[Report] The New Cyber Threat Landscape: Tactics are Getting Simpler, Outcomes are Becoming Unprecedented
It will come as no surprise to anyone that 2016 saw an alarming increase in targeted attacks aimed at politically motivated sabotage and subversion. This new level of ambition by cyber criminals is corroborated by the annual Internet Security Threat Report from DLT partner, Symantec. The perceived success of several campaigns – particularly the U.S. election – point to a growing trend among criminals to influence politics and sow discord in other countries, reports Symantec.
The report is always a fascinating read and below are some key takeaways that can inform your agency’s cybersecurity priorities (if you read the report in full you’ll also benefit from best practices for tackling these threats):
Email Remains the Weapon of Choice
Criminals are always seeking to leave a lighter footprint and hide in plain sight. Last year, saw several tactics aid them with this effort. For example, cyber criminals are increasingly turning to commonly used software, such as PowerShell scripts (95% of PowerShell files seen by Symantec in the wild are malicious). In addition, the use of email as an infecting point rose. One in 131 emails in 2016 contained a malicious link or attachment – the highest rate in five years.
Cloud Security Continues to Challenge Unwitting CIOs
Despite all the hoopla and concern about cloud security, cloud attacks have remained in their infancy – until now. 2016 saw the first widespread outage of cloud services thanks to a widespread DDoS campaign – a stark early warning of how susceptible cloud services are to attack.
Below are just some insights on cloud security from the report:
• As the IT Footprint Extends Off-Premise, Risks Increase: With the increase in cloud-based data apps and data stored on them (think Office 365, Google, Dropbox, AWS, GitHub, Salesforce, etc.), data governance is being eroded and organizations are more susceptible to weaknesses that exist outside their IT footprint. This becomes even more risky when you consider that even though attackers may target just one cloud service provider (e.g. AWS and GitHub), that provider supports numerous enterprises and other cloud services downstream.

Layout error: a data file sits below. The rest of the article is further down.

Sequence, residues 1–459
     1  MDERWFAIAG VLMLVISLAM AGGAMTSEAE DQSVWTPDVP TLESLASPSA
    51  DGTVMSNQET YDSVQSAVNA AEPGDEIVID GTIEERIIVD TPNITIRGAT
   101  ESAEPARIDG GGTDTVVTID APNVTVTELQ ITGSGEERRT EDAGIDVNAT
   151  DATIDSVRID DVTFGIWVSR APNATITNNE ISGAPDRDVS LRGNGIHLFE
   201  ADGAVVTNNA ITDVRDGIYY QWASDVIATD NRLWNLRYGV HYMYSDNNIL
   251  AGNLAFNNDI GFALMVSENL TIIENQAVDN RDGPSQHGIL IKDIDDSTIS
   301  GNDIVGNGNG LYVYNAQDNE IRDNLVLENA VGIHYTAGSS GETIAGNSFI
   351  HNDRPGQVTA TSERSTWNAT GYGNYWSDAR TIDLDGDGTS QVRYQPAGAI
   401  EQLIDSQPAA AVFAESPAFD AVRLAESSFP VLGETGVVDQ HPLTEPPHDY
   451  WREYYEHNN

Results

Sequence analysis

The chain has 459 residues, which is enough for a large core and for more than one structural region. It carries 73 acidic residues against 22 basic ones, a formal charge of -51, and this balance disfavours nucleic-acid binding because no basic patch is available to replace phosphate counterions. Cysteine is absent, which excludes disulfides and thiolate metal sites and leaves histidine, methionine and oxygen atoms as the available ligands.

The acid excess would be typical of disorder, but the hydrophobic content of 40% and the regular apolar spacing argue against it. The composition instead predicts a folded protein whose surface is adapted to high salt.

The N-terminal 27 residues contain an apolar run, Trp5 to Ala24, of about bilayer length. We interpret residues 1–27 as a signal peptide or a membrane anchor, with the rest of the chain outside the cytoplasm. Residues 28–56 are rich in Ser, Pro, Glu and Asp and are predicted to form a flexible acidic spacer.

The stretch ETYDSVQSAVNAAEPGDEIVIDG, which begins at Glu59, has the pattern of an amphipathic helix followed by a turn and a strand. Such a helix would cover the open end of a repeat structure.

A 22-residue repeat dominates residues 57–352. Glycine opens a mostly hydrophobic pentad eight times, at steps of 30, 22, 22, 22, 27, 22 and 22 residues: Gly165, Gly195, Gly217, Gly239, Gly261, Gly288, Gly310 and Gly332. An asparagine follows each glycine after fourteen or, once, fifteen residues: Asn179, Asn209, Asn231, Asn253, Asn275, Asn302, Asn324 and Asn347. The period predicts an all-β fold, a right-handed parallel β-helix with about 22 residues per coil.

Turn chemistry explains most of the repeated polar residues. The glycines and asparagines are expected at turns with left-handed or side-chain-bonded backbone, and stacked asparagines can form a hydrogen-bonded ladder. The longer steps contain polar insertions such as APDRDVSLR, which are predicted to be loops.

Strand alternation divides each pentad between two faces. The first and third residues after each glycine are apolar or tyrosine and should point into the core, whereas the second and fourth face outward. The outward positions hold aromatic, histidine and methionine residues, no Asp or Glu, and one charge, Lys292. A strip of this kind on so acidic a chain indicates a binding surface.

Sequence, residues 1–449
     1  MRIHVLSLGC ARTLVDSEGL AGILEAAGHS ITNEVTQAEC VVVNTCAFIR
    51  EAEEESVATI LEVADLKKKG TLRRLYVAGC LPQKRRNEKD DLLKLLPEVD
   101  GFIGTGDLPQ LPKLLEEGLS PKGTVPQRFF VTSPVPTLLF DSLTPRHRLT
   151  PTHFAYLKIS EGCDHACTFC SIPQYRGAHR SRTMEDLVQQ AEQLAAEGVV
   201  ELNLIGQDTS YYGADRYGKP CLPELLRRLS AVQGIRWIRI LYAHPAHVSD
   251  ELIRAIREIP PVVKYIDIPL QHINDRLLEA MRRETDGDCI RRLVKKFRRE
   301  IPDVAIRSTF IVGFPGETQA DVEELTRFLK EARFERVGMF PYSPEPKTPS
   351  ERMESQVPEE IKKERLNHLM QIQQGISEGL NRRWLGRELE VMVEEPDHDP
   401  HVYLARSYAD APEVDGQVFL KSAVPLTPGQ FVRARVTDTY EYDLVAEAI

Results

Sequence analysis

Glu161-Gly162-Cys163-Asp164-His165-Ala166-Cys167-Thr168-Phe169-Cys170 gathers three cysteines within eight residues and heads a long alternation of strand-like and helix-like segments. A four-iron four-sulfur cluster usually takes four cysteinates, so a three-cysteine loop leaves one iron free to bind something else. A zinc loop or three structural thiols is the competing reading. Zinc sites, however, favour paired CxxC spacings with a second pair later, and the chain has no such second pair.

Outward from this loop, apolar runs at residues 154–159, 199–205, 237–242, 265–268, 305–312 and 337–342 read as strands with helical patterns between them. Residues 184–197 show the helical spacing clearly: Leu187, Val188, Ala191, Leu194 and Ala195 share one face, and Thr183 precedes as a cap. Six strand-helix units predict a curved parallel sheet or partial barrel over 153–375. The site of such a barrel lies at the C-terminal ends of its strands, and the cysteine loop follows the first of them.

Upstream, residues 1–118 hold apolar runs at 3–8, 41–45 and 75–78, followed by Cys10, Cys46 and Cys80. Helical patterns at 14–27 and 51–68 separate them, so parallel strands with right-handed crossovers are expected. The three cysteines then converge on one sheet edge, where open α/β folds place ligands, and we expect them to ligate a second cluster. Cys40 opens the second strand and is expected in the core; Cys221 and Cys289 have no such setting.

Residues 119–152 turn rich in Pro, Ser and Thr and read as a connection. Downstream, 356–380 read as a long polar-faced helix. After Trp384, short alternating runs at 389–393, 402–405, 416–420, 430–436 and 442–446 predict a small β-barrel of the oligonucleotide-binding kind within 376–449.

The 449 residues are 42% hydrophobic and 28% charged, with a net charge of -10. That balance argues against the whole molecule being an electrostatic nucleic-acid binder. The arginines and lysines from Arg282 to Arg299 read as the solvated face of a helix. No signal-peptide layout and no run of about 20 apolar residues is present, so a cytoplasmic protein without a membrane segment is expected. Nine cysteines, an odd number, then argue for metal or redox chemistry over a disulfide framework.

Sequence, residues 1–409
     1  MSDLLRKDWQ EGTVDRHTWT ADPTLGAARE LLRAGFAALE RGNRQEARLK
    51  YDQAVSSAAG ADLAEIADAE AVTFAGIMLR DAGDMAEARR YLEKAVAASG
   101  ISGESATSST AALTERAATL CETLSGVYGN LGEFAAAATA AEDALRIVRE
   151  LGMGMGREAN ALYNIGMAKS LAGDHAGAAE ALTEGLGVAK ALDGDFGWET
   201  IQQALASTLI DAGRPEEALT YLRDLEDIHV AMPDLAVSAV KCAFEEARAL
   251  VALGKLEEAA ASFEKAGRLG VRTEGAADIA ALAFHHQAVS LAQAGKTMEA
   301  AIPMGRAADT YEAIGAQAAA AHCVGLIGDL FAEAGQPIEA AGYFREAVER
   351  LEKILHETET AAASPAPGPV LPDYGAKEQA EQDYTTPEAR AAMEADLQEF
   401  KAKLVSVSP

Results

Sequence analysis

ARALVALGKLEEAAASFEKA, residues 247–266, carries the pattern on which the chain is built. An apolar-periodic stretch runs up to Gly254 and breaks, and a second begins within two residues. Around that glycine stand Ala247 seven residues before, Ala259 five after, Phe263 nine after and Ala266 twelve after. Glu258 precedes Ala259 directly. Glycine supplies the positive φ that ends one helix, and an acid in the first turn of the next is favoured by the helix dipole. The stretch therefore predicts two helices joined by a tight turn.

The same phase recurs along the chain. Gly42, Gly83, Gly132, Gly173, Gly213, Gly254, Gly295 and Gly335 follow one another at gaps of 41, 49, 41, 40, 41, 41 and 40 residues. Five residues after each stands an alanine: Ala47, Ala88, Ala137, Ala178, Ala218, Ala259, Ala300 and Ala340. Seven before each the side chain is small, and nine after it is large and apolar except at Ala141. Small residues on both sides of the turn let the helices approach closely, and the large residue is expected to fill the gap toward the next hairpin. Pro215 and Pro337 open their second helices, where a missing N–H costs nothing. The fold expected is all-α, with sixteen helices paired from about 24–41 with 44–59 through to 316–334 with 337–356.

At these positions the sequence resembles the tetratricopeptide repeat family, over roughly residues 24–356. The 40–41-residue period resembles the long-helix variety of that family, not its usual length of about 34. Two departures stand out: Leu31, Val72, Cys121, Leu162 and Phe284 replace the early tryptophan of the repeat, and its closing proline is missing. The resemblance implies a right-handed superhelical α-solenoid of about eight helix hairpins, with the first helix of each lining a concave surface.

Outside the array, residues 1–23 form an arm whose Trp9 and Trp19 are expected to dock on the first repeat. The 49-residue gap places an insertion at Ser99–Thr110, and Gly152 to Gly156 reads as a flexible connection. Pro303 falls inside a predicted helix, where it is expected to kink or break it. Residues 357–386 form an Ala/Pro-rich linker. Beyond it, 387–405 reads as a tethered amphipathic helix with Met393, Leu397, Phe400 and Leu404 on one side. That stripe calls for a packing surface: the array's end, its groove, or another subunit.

• CIOs Have Lost Track of the Amount of Cloud Apps They Have – Another interesting data point emerged from the report. According to Symantec, CIOs have lost track of how many cloud apps are used inside their organizations. When asked, most assume their organizations use up to 40 cloud apps when, in reality, the number nears 1,000. This disparity can lead to a lack of policies and procedures for how employees access cloud services, which in turn makes cloud apps riskier.
• Attackers are Bypassing Local Security: Increased use of cloud services also helps facilitate a trend of attackers opting to “live off the land” instead of developing their own attack infrastructure. For example, the hack against Hillary Clinton’s campaign chief, John Podesta, was facilitated using cloud services (social engineering was used to acquire Podesta’s email password). In essence, the cloud lets attackers bypass local security and cause maximum disruption with relatively little effort, as in the case of DDoS attacks.
Americans Likely to Give Into Extortion
Ransomware attacks, like the recent WannaCry attacks, continue to escalate and make for a lucrative business for criminals. 100 new malware families were identified by Symantec in 2016, more than triple those seen previously. The number one target? The United States. 64% of U.S. victims are willing to pay the ransom, compared to 34% globally. The public sector isn’t immune, several attacks have shut down government services and even targeted police departments — all the more reason getting to know the “Enemy with No Face” is critical to winning the cyber war.
Read the full report and best practices for mitigating the rising threat here.